When our kids are young they are dictated to by our directions. A routine may help them expect the next thing to do, but they generally wait for us to lead. This is something that our kids have to move on from – they need to start showing initiative, get in and do what is right without being told. Our children can only do this if they know the general expectations of the day otherwise they will constantly make the wrong call and all sense of initiative will be killed.
How do you tell your kids what they have to do today? We use two main systems – a routine and a list. An individual routine is printed out and laminated and sits on their desk. This tells them what is normal, usual and most likely but then we have those days that are just not like that – days were flexibility is the main character trait of the day, for these days I give them a list. We are in a season of lists at the moment!
The list simply indicates all the things I want them to achieve today.
Daniels list for today said: Morning Routine, 9.30 Speech Therapy, Photo Album 1 hour, 12.30 lunch/chores, 1.30 Reading, 2.00 Blogging, 5.00 Responsibilities
Naomi’s read: Morning routine, Album 1 hour, Piano, Blogging, Reading 1 hour, 12.00 lunch prep, Sewing, 5.00 Responsibilities
For each of them I listed some specific times that I wanted things done, other things I’ve listed how long I want them to work on it for, and other areas I’ve just listed as reminders and they can choose time and duration. There are a few skills I want them to pick up from our lists:
- That they are aware of the time and keep their commitments – punctuality
- That they keep working on a subject, maintaining focus – diligence
- That they use their free time wisely – responsibility
- That they are ready for their job time at 5.00, instead of packing up at 5.00 – punctuality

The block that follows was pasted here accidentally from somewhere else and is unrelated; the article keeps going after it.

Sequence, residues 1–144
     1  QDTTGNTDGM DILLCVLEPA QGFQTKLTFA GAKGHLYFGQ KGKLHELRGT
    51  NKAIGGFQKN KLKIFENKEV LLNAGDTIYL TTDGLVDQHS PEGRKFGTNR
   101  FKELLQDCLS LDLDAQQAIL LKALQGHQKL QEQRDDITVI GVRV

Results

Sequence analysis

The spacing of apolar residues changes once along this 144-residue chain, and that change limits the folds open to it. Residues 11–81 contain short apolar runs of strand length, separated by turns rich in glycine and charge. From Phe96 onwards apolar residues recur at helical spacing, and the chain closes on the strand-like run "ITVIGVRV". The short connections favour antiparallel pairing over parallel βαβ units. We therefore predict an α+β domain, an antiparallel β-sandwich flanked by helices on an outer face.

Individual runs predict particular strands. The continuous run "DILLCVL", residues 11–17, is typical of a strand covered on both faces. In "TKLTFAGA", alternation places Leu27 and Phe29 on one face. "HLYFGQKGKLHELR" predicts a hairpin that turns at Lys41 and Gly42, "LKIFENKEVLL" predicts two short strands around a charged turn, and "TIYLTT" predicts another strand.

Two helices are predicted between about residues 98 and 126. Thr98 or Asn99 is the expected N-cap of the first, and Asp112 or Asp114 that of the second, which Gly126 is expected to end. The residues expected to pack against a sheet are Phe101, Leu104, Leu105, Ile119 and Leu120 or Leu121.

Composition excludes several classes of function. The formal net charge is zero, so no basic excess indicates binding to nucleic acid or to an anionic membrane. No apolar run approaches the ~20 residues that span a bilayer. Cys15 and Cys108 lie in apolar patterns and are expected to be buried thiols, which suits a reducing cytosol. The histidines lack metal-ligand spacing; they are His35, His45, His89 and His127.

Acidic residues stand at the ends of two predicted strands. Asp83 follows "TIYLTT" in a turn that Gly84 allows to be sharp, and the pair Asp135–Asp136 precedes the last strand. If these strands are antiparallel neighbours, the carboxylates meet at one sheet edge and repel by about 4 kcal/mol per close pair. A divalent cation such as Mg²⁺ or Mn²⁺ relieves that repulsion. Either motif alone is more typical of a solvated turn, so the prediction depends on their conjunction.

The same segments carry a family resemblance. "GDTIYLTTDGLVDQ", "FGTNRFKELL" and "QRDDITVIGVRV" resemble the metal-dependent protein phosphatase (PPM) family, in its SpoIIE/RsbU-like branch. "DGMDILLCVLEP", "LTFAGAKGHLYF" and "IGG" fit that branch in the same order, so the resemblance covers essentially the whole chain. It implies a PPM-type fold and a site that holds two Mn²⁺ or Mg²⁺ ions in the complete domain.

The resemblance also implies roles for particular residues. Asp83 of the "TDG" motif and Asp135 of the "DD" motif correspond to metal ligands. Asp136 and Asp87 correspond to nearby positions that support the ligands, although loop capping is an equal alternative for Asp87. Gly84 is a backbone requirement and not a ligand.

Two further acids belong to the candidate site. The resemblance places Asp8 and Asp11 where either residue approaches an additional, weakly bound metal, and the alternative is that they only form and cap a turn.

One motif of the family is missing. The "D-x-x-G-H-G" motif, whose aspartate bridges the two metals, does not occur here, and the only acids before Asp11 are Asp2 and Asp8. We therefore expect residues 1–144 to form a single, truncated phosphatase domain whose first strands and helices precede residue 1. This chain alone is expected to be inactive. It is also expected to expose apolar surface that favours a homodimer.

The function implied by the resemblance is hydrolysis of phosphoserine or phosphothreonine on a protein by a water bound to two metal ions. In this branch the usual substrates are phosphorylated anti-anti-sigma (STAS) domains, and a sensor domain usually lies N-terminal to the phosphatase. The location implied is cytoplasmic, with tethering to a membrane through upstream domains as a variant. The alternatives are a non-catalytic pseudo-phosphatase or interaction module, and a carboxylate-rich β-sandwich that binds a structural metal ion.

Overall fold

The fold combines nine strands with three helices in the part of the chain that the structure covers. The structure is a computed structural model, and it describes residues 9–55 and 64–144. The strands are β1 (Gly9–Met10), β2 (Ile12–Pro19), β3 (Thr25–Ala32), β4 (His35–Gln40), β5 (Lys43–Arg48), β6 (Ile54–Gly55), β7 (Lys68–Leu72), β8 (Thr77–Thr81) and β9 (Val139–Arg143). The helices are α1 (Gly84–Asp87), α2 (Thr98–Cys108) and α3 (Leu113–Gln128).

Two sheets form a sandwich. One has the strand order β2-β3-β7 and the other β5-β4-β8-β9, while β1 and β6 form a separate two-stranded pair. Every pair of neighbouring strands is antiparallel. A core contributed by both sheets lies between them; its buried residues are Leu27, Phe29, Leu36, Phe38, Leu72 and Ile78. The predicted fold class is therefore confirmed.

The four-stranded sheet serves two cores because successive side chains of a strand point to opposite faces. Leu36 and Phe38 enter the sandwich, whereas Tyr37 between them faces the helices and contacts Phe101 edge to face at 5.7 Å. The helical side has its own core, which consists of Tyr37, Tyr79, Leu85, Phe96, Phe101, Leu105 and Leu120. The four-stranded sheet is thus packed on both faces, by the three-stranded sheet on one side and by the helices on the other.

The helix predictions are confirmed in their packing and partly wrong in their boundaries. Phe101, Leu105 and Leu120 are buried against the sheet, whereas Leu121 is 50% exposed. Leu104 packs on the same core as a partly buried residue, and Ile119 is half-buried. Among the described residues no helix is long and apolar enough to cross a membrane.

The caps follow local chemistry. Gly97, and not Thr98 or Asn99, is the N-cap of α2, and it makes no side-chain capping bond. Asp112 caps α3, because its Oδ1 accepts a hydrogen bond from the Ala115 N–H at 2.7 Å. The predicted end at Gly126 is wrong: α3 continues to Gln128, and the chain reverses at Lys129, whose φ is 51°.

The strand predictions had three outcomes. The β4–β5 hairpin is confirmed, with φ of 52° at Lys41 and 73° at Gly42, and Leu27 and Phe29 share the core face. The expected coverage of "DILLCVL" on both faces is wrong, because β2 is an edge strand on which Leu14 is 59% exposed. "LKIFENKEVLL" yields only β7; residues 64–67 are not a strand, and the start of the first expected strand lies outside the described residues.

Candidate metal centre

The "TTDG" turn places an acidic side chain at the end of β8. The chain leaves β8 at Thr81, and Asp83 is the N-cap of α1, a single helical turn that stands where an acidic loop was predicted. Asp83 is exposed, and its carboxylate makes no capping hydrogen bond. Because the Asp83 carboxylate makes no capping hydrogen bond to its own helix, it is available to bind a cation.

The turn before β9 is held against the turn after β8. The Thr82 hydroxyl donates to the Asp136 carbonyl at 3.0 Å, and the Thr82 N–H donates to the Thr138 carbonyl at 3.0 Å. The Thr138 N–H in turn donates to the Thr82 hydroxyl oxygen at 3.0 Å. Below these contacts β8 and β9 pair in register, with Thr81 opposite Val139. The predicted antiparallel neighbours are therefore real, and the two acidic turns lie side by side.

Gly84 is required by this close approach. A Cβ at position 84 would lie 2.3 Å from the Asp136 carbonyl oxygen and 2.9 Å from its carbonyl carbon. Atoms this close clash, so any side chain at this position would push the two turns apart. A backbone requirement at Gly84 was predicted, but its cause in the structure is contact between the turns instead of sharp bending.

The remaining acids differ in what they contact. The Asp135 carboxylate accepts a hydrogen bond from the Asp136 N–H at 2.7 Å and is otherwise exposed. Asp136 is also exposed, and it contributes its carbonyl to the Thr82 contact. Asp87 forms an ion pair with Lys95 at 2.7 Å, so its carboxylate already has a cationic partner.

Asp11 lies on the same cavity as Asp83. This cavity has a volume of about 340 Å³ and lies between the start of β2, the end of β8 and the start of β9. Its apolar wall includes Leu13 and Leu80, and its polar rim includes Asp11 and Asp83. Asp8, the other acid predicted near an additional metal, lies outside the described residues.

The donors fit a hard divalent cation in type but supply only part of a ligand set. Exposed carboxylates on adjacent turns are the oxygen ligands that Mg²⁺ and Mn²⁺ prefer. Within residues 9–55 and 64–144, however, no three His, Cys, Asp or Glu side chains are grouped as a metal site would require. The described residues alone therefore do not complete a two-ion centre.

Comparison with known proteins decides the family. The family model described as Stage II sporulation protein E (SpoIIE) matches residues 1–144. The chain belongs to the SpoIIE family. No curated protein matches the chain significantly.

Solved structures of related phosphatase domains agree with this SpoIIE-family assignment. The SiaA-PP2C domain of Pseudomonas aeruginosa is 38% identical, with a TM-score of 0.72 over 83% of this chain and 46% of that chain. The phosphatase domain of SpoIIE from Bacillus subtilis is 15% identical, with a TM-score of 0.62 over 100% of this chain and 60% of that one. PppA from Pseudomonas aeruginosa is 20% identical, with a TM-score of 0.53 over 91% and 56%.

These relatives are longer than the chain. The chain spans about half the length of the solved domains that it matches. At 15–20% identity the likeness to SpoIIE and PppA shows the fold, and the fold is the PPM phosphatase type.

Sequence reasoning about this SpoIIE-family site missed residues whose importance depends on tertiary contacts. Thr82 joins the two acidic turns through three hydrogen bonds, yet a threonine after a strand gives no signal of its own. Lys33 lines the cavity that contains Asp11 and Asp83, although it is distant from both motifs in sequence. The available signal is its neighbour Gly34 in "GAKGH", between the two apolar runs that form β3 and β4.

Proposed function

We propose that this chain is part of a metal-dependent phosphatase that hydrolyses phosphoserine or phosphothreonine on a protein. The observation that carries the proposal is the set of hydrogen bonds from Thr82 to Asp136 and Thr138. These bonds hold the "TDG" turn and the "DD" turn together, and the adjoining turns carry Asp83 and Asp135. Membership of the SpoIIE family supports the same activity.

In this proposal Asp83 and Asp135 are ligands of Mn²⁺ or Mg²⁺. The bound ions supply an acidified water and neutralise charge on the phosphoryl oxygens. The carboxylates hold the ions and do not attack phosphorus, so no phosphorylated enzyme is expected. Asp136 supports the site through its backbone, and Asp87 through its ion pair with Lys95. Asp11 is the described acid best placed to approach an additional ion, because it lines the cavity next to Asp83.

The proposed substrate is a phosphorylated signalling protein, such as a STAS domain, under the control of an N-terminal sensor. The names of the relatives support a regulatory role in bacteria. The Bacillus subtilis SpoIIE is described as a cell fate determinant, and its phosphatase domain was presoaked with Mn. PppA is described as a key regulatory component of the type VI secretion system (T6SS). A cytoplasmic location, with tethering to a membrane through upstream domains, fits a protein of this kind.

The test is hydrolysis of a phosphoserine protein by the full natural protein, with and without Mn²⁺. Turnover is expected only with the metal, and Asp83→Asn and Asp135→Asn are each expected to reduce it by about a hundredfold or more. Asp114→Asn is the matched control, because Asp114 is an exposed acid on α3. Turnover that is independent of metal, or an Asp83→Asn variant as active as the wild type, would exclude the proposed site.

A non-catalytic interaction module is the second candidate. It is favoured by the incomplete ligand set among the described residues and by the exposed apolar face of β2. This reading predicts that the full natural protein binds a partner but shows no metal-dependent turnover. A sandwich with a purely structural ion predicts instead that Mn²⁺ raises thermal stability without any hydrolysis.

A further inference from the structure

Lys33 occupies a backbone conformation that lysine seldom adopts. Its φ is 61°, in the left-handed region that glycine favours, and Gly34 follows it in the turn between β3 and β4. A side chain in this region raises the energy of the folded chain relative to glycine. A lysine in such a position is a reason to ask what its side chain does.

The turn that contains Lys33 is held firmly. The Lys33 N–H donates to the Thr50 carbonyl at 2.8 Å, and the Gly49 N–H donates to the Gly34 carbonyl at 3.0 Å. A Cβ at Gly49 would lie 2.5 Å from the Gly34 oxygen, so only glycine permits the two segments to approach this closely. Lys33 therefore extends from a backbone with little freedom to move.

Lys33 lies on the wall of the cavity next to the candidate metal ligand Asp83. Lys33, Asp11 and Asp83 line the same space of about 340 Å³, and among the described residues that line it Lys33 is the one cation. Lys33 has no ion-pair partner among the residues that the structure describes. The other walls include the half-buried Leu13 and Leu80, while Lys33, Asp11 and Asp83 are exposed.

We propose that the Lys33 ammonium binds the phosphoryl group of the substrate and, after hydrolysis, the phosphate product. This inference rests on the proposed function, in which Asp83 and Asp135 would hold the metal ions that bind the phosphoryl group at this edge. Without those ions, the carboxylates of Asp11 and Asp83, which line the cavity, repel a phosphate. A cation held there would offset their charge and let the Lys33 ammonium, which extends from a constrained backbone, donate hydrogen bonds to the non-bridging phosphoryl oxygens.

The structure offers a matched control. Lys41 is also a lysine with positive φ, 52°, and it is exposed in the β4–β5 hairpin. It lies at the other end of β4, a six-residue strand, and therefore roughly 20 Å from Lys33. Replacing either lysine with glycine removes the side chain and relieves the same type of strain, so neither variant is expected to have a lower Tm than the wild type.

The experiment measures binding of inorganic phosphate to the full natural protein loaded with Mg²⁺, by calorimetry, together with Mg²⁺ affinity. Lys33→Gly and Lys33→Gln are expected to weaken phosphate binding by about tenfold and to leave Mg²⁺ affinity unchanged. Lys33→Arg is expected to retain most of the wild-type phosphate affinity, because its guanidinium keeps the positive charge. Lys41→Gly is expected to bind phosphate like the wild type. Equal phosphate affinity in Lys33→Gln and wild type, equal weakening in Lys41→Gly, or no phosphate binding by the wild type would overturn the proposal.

At the moment the list is working well for us. Mind you, when I had 4 kids working like this, it seemed to take me forever to write the list for each of them, so instead we had a 15minute family meeting where everyone wrote their list in their diary as I talked about our day. I like the kids having a diary as it is yet another good time management skill to develop but at the moment we are using lists on loose bits of paper.
The other thing to note is that just because they have a list does not mean that things will get done the way I would like! They are in training – otherwise they would have written their own lists (like my older two are). The list (or routine) isn’t a magic wand making our kids do good – instead it is simply a training tool. It will only train our children if we too remember throughout the day what was on their list, to check in with them to see how they are doing, to catch them being distracted so we can redirect them and to catch them being diligent and focused so we can praise them. A list does not move my need to be involved – it just gives the kids a bridge towards initiative and independence.